According to a report by WWNYTV, towns in the North Country region of New York are pushing for a state law requiring more visible markings on Amish buggies.

The main town featured in the video below is Dekalb. “We want to protect both the Amish and our own citizens,” said town supervisor John Frary, who has handed out a resolution to other towns to garner their support.

This is the area of Heuvelton (St. Lawrence County), home of the state’s second-largest Amish settlement, a Swartzentruber community of around 2,000 Amish.

This makes sense as the Amish here would have the most meager buggy markings of just about any in the state.

Previously, counties have handled these issues, creating agreements with their local populations of Amish.

The video shows the below agreement document as an example. A bit confusingly, De Peyster is not a county name, but that of another town in the Heuvelton area:

Maybe the agreement was a countywide one, but named after De Peyster if that is where the agreement was negotiated.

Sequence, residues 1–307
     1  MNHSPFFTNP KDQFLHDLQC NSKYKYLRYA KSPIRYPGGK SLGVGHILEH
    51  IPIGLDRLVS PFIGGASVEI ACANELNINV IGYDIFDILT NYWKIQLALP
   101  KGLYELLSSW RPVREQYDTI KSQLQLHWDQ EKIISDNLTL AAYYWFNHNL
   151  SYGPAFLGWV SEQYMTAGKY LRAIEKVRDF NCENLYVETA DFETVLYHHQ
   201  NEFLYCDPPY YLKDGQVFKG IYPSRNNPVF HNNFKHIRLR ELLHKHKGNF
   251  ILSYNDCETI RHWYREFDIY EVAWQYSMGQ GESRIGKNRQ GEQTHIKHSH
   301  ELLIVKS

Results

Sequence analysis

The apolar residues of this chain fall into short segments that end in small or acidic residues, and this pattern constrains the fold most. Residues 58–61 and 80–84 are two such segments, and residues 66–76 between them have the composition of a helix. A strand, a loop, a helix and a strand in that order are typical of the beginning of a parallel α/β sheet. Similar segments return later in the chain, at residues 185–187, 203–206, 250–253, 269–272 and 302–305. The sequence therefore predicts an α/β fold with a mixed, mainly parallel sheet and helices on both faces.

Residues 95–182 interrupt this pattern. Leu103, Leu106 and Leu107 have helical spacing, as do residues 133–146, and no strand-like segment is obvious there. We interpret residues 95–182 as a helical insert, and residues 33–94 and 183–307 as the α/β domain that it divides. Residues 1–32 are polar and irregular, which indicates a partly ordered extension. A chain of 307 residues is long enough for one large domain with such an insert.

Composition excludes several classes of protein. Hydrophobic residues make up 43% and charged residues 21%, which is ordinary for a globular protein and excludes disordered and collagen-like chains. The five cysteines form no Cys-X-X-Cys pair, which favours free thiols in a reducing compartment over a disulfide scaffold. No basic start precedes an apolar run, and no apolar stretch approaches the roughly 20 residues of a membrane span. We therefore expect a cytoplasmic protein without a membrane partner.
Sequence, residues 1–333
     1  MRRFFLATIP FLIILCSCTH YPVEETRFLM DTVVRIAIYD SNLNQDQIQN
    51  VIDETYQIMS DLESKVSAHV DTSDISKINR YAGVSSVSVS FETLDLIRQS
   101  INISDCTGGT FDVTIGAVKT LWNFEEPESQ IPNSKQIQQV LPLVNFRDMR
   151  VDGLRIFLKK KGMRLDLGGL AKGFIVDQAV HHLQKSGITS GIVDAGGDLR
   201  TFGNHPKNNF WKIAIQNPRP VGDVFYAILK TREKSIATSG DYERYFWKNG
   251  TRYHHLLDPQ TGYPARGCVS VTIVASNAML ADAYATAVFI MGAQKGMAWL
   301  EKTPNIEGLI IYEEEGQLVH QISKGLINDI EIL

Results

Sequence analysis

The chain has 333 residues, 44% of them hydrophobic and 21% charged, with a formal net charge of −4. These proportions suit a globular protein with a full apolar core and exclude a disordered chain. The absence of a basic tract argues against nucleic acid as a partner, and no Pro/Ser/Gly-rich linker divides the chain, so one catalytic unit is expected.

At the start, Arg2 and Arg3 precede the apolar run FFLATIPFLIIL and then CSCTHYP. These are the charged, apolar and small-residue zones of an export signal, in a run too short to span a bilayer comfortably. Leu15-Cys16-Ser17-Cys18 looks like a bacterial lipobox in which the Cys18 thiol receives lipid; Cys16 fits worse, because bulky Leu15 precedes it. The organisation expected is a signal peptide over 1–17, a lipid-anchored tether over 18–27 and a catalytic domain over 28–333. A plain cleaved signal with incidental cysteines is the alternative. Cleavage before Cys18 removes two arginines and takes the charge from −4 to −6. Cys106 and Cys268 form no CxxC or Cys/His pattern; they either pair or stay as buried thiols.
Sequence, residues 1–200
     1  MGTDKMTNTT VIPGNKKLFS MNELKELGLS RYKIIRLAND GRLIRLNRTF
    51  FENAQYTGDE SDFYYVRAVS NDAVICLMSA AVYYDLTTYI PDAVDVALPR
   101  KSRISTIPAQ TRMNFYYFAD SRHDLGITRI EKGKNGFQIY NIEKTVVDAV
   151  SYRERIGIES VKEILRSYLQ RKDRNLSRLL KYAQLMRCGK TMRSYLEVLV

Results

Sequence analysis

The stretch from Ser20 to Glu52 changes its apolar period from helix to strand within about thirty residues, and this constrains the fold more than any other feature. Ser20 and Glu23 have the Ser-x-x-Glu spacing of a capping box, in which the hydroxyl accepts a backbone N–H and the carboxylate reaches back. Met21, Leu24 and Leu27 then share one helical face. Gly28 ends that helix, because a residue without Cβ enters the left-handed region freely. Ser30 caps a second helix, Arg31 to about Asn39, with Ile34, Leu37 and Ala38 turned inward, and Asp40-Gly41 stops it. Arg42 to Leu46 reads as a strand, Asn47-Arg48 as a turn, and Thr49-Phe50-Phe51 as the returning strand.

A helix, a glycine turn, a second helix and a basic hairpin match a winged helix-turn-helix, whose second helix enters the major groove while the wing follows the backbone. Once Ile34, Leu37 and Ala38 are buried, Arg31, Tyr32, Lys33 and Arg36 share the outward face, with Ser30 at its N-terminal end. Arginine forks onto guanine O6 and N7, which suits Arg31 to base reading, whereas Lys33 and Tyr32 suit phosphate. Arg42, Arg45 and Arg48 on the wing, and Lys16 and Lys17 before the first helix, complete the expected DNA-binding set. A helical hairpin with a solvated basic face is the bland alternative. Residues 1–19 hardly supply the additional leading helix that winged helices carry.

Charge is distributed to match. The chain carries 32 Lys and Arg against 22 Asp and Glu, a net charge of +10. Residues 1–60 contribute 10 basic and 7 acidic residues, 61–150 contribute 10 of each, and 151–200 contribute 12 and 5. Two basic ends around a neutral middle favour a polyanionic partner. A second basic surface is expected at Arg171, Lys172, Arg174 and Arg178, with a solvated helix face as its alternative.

The reporter in the video says that these agreements “sometimes [have] been adhered to, but sometimes not.”

It seems that in the eyes of local authorities, the time for such free-will deals is over:

Frary’s resolution is not seeking another voluntary agreement. Instead, the resolution urges the state to change motor vehicle regulations so slow-moving buggies have to be marked the same as others.

The nearby town of Canton also is said to be considering the resolution. It’s not clear which other towns are involved in the effort.

Will it happen?

How likely is it that a statewide mandate will be enacted?

Last year saw the adoption of a statewide law requiring buggy lighting in Wisconsin, a state with a similar Amish population profile.

Is the NY legislature more or less predisposed to enact a similar measure? If this effort gains steam, we will find out.

It’s not completely clear what sort of buggy markings the supporters would want, but clearly the state’s plainest Amish communities like Heuvelton would be most affected.

I can say pretty confidently they’re not going to get the area’s Amish to adopt the traditional slow-moving vehicle triangle and electric light setup featured in the above video as one of the “better-marked buggies” on the road.

But, is there an alternative the plainest Amish would consider?

Last year, Amish in the Lodi, Ohio settlement responded to a spate of road accidents by testing an unusual array of visibility features.

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